Work is underway to outfit Jesse’s Place — a young adult shelter at Camp Hope — with bunks, mattresses and other living necessities.

The shelter will be for young men and women between the ages of 18 to 24, and it’s being dedicated to Jesse Nickens, a former Davis High School football standout who once frequented Camp Hope.

Nickens, 21, struggled with bipolar disorder and was experiencing an episode when he met Camp Hope Director Mike Kay in the summer of 2017. Nickens died the following December after being struck by two cars while walking along a dark stretch of State Route 397 near Finley.

But his presence at Camp Hope won’t be forgotten as it brought to light a great need in Yakima County — an overnight shelter for young men and women experiencing challenges that often drive them into homelessness.

The youth and young adult shelter will be housed in two of four portable buildings Camp Hope recently acquired by Yakima County’s Department of Human Services.

The other buildings will house a family shelter, a single men’s shelter and a single women’s shelter, Kay said.

The family shelter will be dedicated to the late Commissioner Norm Childress, who advocated for such a facility, Kay said. Childress died unexpectedly in September.

The new buildings will more than double the camp’s capacity to about 250 beds, Kay said.

There are more than 80 people sleeping in military tents at the camp.

“This is going to be a game changer for us,” Kay said, noting that former Commissioner Vicki Baker, Childress and current Commissioner Ron Anderson were instrumental in getting the project going.

Esther Magasis, director of the county’s Department of Human Services, was able to secure an $850,000 state grant to acquire the four portables.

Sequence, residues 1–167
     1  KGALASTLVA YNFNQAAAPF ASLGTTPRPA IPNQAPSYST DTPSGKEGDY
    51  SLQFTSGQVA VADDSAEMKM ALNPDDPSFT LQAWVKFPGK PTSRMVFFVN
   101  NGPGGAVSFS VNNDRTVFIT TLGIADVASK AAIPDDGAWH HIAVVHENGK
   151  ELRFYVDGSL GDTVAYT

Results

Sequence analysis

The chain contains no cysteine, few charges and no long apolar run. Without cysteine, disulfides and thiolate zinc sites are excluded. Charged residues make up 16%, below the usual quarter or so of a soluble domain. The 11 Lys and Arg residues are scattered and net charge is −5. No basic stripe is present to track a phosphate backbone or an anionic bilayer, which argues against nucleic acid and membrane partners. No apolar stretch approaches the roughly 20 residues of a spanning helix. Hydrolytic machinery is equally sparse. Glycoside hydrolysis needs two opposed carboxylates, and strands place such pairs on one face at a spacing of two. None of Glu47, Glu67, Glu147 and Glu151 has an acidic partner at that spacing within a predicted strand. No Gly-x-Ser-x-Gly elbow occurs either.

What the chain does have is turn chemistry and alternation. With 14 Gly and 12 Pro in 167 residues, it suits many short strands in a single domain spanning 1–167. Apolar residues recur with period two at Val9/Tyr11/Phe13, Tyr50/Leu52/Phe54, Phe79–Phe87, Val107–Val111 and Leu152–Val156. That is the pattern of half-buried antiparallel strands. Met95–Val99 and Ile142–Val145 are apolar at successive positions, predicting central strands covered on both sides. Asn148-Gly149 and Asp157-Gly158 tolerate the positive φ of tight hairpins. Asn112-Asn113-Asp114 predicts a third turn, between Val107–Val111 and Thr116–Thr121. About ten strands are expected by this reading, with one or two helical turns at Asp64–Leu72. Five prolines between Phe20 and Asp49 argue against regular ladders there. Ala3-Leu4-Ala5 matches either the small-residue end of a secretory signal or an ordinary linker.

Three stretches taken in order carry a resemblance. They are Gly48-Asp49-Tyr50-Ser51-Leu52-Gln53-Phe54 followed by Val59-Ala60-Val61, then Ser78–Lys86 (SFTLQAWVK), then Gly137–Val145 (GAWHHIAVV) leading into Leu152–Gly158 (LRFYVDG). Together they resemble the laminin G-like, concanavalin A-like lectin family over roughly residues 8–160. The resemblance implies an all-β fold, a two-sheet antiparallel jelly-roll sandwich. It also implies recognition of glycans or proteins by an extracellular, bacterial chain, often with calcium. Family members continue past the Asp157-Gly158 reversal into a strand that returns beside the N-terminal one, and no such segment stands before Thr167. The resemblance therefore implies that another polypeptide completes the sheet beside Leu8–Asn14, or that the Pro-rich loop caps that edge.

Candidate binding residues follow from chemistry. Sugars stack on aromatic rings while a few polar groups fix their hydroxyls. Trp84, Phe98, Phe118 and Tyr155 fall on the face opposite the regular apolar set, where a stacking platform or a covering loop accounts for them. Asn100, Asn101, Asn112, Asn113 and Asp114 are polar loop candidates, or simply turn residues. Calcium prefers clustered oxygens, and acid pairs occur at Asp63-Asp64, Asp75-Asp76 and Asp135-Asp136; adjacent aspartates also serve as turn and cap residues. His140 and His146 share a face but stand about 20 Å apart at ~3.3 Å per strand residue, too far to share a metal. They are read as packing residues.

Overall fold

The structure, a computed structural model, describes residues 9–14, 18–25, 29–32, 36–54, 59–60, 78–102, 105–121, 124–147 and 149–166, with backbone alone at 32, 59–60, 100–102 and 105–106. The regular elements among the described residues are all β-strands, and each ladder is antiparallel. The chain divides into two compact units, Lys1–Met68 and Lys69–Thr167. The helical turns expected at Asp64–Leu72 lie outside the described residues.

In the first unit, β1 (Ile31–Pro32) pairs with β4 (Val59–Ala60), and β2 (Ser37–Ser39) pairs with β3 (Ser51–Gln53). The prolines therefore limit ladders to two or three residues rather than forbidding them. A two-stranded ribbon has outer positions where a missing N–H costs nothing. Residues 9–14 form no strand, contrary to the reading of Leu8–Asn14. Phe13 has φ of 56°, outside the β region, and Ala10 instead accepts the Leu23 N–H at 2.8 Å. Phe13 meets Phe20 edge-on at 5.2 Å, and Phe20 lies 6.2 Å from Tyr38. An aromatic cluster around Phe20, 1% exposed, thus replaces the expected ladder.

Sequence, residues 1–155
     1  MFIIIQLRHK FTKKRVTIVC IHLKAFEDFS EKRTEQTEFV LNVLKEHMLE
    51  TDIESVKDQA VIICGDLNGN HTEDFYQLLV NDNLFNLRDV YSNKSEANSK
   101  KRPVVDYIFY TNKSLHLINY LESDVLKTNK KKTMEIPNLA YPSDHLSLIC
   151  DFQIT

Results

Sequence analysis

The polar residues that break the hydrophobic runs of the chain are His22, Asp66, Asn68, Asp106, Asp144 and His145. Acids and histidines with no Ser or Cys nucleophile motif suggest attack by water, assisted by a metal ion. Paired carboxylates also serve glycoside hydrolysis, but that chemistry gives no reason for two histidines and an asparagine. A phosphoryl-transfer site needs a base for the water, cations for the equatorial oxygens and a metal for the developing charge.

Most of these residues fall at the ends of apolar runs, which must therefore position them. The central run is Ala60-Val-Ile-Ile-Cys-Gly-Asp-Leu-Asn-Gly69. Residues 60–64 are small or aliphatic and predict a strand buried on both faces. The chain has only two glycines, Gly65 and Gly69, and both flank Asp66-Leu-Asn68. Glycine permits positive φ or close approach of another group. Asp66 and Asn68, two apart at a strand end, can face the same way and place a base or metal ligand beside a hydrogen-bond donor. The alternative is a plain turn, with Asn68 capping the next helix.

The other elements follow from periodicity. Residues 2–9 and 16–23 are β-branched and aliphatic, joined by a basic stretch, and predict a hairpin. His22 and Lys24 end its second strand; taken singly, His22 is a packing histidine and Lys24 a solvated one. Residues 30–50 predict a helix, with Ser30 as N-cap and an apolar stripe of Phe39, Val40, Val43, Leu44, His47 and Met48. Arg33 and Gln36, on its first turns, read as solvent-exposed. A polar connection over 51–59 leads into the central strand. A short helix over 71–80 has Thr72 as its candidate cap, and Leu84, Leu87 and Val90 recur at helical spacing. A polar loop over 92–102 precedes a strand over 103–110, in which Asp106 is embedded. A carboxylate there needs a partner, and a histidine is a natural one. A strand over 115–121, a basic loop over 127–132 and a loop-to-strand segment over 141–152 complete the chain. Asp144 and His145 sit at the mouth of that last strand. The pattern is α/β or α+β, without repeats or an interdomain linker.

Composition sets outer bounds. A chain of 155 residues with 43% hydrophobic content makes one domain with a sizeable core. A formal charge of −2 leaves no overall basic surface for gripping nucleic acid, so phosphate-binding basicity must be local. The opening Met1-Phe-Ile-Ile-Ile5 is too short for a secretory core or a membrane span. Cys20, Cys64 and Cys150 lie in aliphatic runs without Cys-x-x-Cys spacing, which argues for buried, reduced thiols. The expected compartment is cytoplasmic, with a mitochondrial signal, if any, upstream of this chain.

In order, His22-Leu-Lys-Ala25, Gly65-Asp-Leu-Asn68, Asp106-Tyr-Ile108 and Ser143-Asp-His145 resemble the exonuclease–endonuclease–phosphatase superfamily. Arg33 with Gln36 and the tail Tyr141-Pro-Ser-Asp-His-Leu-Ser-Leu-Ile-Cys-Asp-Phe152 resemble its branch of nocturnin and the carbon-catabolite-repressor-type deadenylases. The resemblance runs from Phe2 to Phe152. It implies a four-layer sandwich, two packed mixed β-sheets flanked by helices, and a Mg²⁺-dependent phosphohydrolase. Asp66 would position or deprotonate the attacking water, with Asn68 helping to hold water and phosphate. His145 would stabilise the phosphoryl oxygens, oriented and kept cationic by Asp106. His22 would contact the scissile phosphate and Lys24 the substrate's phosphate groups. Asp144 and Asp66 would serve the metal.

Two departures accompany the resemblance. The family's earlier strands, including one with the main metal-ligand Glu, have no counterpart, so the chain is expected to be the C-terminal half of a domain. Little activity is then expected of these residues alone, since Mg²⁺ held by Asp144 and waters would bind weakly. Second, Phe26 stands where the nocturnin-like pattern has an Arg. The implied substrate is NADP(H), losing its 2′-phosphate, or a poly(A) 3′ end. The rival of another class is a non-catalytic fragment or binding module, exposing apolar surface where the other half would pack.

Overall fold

The youth and young adult shelter will be more than merely named after Nickens, it will be tailored to meet some of the needs he had. Case management, mental health and other services will be available on site, Kay said.

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Don Nickens loads donated supplies into the back of a truck to take to Camp Hope Wednesday, March 31, 2021 in Yakima, Wash.

On a recent afternoon, Nickens’ parents, brother and sister-in-law stacked boxes of donated items such as bed sheets and blankets in the portable that’s soon to become the youth and young adult shelter.

Nickens’ father, Willis Nickens, said his son would be happy to see that something is being done to help young adults.

“I think it’s wonderful — I think it’s something Jesse needed,” Willis Nickens said. “I think it’s what Jesse would have wanted for the community.”

Jesse Nickens

On a warm summer night in 2017, Jesse Nickens leaped over a fence into Camp Hope.

At that time, the encampment consisted of only a few tents from Cabela’s. Kay’s pickup pretty much served as his office.

Nickens was muscular and agile, clearing the fence in one swift leap much like a deer would have, Kay said.

“I thought: ‘I hope he doesn’t want to fight — this is going to hurt,’ ” Kay recalled as Nickens approached.

Instead, Nickens began talking to Kay and his staff, asking about the encampment and the homeless programs offered.

Kay said he gave the young man a sandwich, then another sandwich, and another. Nickens appeared hungry, Kay said.

“We sat in my pickup, ate sandwiches and we talked football all night,” Kay said.

In high school, Nickens made all-state in two positions — defensive end and kicker. His talents didn’t end there. He was a pole vaulter, enjoyed music and was featured in a school play.

Nickens also was bipolar.

Signs of the disorder didn’t show until his senior year, but even then, it wasn’t clear what he was suffering, said his mother, Susanna Nickens.